Published: 12th April 2021
90 Rock! This Chennai man with five master's degrees just got his PhD. He now wants to do an MBA
Stanislaus earned his first master’s degree in 1978, when he was 47. Oftentimes, a lot of his teachers, including his research guide, were considerably younger than him
The bright sun that shines above the skies of Chennai is never kind to almost anyone. But 90 years may be a good enough time for Stanislaus S to have learned to withstand those callous rays. He is hardly five feet tall, dressed in a crisp white shirt and a pair of dark blue slacks. He wore a pair of well-polished black shoes with socks, a habit that he’s followed throughout his life. “I always wear good clothes and shoes. Being well dressed is very important. This prompts people to listen to you and help you out,” he sheds a few words of wisdom.
Becoming a ‘Doctor’
Slowly, yet confidently, he walked all the way to the main road to guide us to his house. We settled down on a chair in his living room big enough to accommodate a maximum of five people. Law books were scattered on the teapoy. He extended his arm to the side table to show us a bound copy of his PhD thesis. A few months ago, he was awarded a PhD degree by Acharya Nagarjuna University, Andhra Pradesh, where he researched on the ‘Administration of Justice: Special Reference to Death Penalty’. Adding a ‘Dr’ prefix to his name excites Stanislaus. After all, he seemed to be someone passionate about earning degrees. He holds five master’s degrees — MA (Previous) Sociology, MA Sociology, MA International Relations, LLM and PG Diploma in Criminology and Forensic Science. He is now pursuing another MA in Political Science and tells us how he stays up until 12 am every night, studying.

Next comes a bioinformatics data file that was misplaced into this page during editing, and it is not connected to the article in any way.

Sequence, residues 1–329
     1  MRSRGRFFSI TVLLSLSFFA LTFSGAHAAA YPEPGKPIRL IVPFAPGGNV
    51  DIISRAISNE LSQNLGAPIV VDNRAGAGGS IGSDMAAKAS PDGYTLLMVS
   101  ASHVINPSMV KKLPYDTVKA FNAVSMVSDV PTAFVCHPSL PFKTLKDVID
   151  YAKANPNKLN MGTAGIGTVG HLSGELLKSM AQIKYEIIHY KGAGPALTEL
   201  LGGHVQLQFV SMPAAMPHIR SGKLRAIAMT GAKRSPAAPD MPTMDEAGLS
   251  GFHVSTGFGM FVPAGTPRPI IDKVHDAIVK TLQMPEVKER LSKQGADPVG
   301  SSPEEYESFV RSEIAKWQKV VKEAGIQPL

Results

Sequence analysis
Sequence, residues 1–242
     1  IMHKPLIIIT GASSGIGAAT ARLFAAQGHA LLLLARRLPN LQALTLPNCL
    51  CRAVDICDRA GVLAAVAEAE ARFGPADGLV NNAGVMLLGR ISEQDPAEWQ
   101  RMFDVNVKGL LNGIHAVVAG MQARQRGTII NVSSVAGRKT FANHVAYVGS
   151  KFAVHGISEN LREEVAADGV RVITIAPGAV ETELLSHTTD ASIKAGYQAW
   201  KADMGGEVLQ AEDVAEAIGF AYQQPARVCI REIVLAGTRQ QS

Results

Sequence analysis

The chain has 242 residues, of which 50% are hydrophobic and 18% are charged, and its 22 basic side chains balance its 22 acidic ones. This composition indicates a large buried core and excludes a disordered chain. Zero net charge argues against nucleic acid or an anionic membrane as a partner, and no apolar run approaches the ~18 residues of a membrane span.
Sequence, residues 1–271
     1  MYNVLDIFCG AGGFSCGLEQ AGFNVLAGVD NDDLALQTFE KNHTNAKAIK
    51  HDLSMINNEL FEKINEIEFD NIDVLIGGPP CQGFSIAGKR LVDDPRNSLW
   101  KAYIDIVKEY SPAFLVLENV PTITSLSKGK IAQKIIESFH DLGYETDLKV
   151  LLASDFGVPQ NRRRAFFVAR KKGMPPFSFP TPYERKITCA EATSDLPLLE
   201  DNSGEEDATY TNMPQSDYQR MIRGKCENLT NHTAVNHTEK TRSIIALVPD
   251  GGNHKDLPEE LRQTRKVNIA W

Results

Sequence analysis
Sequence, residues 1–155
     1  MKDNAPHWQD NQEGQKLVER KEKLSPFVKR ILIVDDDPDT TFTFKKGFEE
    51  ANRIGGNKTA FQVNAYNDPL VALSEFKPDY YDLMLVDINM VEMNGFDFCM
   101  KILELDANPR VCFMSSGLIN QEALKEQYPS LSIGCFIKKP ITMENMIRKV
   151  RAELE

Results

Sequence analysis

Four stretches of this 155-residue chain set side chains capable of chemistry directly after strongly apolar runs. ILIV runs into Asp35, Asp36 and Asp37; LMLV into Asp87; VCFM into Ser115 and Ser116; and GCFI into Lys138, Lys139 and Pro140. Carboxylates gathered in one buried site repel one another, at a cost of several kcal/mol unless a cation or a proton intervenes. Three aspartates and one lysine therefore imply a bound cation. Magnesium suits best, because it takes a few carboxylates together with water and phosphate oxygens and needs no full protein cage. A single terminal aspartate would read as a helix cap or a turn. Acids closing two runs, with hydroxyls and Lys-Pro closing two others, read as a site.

But if you think that this will end Stanislaus’ student-life, you are wrong. He is not your regular next-door 90-year-old grandfather. “I want to do an MBA. It is a respectable degree,” he says. He smiles, revealing a few missing teeth in the front row. “I want to study all the top courses in the world. Education is very important,” he says.
On his own path
Stanislaus earned his first master’s degree in 1978, when he was 47. Oftentimes, a lot of his teachers, including his research guide, were considerably younger than him. While pursuing a lot of his degrees and diplomas, he worked full-time, took care of his family and raised his children. He studied all his degrees via distance learning, going to the university only to write his examination. He tells us how he had to put a pause on his education in the 1950s, owing to financial trouble.
The fiercely independent nonagenarian lives alone. His children live in different parts of the world. He travels alone, depends on no one for his chores, walks whenever possible and uses public transport almost always. He recalls how he travelled all the way to his university by train during his research days. That is one of the lessons that he wants to pass on to the next generation. “Never depend on anyone for anything. Solve all your problems yourself. In fact, do not listen to others. How will you even know that they intend to help you?” he asks, giving us some food for thought.